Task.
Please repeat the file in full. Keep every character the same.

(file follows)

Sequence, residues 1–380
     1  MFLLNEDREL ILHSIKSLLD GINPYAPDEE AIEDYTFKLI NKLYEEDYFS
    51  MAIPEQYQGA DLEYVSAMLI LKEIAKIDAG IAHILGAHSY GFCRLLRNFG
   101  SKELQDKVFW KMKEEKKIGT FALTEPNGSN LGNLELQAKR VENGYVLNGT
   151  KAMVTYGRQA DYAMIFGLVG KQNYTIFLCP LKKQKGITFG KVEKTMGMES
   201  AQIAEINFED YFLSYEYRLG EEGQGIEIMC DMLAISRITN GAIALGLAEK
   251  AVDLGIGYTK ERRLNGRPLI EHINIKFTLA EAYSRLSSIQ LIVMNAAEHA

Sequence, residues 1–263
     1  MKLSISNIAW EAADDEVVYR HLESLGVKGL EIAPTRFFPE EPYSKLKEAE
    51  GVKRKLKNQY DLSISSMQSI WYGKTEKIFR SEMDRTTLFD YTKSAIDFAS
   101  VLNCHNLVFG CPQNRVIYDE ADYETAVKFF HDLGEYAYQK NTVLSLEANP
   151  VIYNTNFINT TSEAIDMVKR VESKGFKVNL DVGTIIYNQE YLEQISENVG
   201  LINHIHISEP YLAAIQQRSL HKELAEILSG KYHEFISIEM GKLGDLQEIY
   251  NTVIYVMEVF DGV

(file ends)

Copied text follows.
Sequence, residues 1–380
     1  MFLLNEDREL ILHSIKSLLD GINPYAPDEE AIEDYTFKLI NKLYEEDYFS
    51  MAIPEQYQGA DLEYVSAMLI LKEIAKIDAG IAHILGAHSY GFCRLLRNFG
   101  SKELQDKVFW KMKEEKKIGT FALTEPNGSN LGNLELQAKR VENGYVLNGT
   151  KAMVTYGRQA DYAMIFGLVG KQNYTIFLCP LKKQKGITFG KVEKTMGMES
   201  AQIAEINFED YFLSYEYRLG EEGQGIEIMC DMLAISRITN GAIALGLAEK
   251  AVDLGIGYTK ERRLNGRPLI EHINIKFTLA EAYSRLSSIQ LIVMNAAEHA

Sequence, residues 1–263
     1  MKLSISNIAW EAADDEVVYR HLESLGVKGL EIAPTRFFPE EPYSKLKEAE
    51  GVKRKLKNQY DLSISSMQSI WYGKTEKIFR SEMDRTTLFD YTKSAIDFAS
   101  VLNCHNLVFG CPQNRVIYDE ADYETAVKFF HDLGEYAYQK NTVLSLEANP
   151  VIYNTNFINT TSEAIDMVKR VESKGFKVNL DVGTIIYNQE YLEQISENVG
   201  LINHIHISEP YLAAIQQRSL HKELAEILSG KYHEFISIEM GKLGDLQEIY
   251  NTVIYVMEVF DGV